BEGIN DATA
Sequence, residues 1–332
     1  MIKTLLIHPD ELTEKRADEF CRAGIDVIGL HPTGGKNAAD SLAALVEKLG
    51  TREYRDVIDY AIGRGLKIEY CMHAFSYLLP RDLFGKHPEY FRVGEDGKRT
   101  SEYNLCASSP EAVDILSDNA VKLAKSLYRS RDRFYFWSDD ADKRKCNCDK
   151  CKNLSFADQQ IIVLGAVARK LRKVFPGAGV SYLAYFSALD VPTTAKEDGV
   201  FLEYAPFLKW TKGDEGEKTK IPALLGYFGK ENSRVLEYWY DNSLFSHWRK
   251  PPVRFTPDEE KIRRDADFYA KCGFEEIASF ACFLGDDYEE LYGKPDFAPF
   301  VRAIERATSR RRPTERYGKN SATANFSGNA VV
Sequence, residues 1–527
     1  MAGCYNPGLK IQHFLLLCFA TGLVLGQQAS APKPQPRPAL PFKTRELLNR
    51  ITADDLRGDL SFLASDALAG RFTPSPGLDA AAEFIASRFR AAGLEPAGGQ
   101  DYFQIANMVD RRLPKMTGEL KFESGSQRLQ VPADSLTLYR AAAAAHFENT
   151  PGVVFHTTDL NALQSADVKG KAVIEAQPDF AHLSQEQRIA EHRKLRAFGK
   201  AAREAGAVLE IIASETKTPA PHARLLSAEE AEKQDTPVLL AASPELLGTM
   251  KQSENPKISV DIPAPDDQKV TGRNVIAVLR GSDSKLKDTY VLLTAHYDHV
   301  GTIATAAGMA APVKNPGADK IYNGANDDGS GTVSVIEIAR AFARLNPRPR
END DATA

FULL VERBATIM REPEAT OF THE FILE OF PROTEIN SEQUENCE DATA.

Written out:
Sequence, residues 1–332
     1  MIKTLLIHPD ELTEKRADEF CRAGIDVIGL HPTGGKNAAD SLAALVEKLG
    51  TREYRDVIDY AIGRGLKIEY CMHAFSYLLP RDLFGKHPEY FRVGEDGKRT
   101  SEYNLCASSP EAVDILSDNA VKLAKSLYRS RDRFYFWSDD ADKRKCNCDK
   151  CKNLSFADQQ IIVLGAVARK LRKVFPGAGV SYLAYFSALD VPTTAKEDGV
   201  FLEYAPFLKW TKGDEGEKTK IPALLGYFGK ENSRVLEYWY DNSLFSHWRK
   251  PPVRFTPDEE KIRRDADFYA KCGFEEIASF ACFLGDDYEE LYGKPDFAPF
   301  VRAIERATSR RRPTERYGKN SATANFSGNA VV
Sequence, residues 1–527
     1  MAGCYNPGLK IQHFLLLCFA TGLVLGQQAS APKPQPRPAL PFKTRELLNR
    51  ITADDLRGDL SFLASDALAG RFTPSPGLDA AAEFIASRFR AAGLEPAGGQ
   101  DYFQIANMVD RRLPKMTGEL KFESGSQRLQ VPADSLTLYR AAAAAHFENT
   151  PGVVFHTTDL NALQSADVKG KAVIEAQPDF AHLSQEQRIA EHRKLRAFGK
   201  AAREAGAVLE IIASETKTPA PHARLLSAEE AEKQDTPVLL AASPELLGTM
   251  KQSENPKISV DIPAPDDQKV TGRNVIAVLR GSDSKLKDTY VLLTAHYDHV
   301  GTIATAAGMA APVKNPGADK IYNGANDDGS GTVSVIEIAR AFARLNPRPR